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Bangladesh lifts ban on arrivals from Oman

2 Jun 2021

Bangladeshi expatriates are happy but also sceptical about the lifting of the travel ban from Oman to back home.

Bangladesh Civil Aviation has lifted the ban on passengers arriving from a list of eight countries, including Oman, with effect from June 4.

Unlike passengers from six other countries, those arriving from Oman and Kuwait must undergo a three-day mandatory institutional quarantine in government-approved hotels at their own cost. 

A negative PCR test after three days will release such passengers for 11 days of home quarantine, while an unsatisfactory report will extend their self-paid institutional quarantine to 14 days. 

Arrivals from Belgium, Chile, Colombia, Costa Rica, Denmark and Greece must undergo 14 days mandatory institutional quarantine.

Following suspension of the travel ban, several airlines announced flight schedules. 

US-Bangla announced four weekly flights, and Salam Air five. Salam Air and Air Arabia have also scheduled weekly operations. 

According to an employee of Biman, Bangladesh’s national carrier, the airline is “looking into the matter because it is not viable to fly one-way at half capacity to maintain COVID-19 social distancing guidelines. Besides, the ban on arrivals from Bangladesh to Oman is still in place”.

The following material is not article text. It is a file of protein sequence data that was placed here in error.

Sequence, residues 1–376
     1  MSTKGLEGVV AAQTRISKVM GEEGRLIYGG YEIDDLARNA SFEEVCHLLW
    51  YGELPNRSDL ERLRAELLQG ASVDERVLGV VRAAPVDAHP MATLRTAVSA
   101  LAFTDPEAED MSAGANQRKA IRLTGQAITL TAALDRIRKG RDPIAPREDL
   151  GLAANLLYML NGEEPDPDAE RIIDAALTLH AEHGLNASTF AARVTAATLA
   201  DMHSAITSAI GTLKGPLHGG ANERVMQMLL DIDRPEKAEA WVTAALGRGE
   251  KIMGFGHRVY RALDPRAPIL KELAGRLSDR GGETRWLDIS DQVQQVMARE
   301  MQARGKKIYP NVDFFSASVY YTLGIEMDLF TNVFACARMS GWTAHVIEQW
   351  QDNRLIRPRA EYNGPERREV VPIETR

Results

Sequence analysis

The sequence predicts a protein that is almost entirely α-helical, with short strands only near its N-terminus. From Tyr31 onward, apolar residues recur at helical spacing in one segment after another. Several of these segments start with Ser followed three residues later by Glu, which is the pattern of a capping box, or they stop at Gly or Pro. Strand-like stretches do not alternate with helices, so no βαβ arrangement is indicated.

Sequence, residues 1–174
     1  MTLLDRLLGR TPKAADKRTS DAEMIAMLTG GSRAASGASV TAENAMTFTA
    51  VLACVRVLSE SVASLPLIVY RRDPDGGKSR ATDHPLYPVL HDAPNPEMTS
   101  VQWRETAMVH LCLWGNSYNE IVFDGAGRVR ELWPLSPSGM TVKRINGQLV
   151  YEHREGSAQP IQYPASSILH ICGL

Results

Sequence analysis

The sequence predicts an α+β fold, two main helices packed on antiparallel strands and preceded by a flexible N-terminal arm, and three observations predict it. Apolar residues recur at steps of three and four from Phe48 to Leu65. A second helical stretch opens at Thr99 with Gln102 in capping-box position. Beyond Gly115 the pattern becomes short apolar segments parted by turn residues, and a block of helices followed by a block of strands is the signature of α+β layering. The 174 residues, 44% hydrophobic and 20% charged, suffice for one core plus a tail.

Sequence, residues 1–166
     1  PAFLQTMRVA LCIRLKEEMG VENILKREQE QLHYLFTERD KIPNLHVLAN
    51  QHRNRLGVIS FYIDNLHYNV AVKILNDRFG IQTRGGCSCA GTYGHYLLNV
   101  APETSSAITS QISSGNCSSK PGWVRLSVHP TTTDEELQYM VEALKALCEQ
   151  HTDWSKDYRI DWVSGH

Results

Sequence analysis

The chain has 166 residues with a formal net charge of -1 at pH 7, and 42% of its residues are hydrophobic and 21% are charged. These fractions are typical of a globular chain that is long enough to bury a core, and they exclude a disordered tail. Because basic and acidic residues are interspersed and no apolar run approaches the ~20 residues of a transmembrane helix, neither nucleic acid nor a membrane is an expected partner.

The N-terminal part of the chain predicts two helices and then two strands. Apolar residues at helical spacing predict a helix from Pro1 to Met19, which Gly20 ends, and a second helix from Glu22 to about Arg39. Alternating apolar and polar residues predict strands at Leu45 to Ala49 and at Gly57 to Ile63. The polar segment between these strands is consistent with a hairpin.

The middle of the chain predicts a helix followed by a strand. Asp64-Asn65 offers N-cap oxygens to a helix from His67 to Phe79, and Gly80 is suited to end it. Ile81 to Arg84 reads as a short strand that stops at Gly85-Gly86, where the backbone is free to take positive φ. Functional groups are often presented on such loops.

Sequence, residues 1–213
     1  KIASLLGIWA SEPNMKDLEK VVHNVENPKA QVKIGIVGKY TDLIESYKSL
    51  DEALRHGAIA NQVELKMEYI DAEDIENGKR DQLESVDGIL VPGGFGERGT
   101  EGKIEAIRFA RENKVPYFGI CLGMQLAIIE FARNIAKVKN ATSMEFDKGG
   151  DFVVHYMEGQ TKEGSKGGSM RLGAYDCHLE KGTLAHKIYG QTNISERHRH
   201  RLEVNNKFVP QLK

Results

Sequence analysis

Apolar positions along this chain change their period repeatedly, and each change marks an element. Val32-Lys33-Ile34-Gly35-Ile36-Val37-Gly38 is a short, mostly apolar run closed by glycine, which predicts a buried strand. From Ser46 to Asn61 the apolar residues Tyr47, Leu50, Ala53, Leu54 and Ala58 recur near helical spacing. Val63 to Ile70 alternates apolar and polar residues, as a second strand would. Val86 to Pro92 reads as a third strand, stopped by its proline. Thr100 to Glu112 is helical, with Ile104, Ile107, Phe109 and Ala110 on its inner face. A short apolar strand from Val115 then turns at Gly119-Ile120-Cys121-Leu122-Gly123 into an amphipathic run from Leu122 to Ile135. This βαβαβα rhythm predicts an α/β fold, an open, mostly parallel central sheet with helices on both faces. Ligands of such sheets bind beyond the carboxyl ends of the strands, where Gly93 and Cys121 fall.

Inability to fly full capacity will add to ticket costs, he informed. 

“The average cost of Muscat-Dhaka tickets is around RO80. But now some airlines are offering one-way tickets from RO250 to RO35O which is quite expensive for a common Bangladeshi,” he said.

Muscat-based Bangladeshi expatriate Alamgeer was planning a visit home to celebrate Eid al Fitr and Eid al Adha with his family, which didn’t materialise due to the ban imposed on May 1 for arrivals from Oman. 

He is happy with the possibility of flying home but unsure if he can afford the ticket. 

“I need to check the price of the ticket and additional cost of mandatory hotel quarantine. If it’s too expensive, I will hold my travel plan till things go back to normal,” Alamgeer said.

If he decided to go now, he would also have to take into consideration the fact that his return date to Oman is uncertain. 

 

(Text by Syed Fasiuddin)

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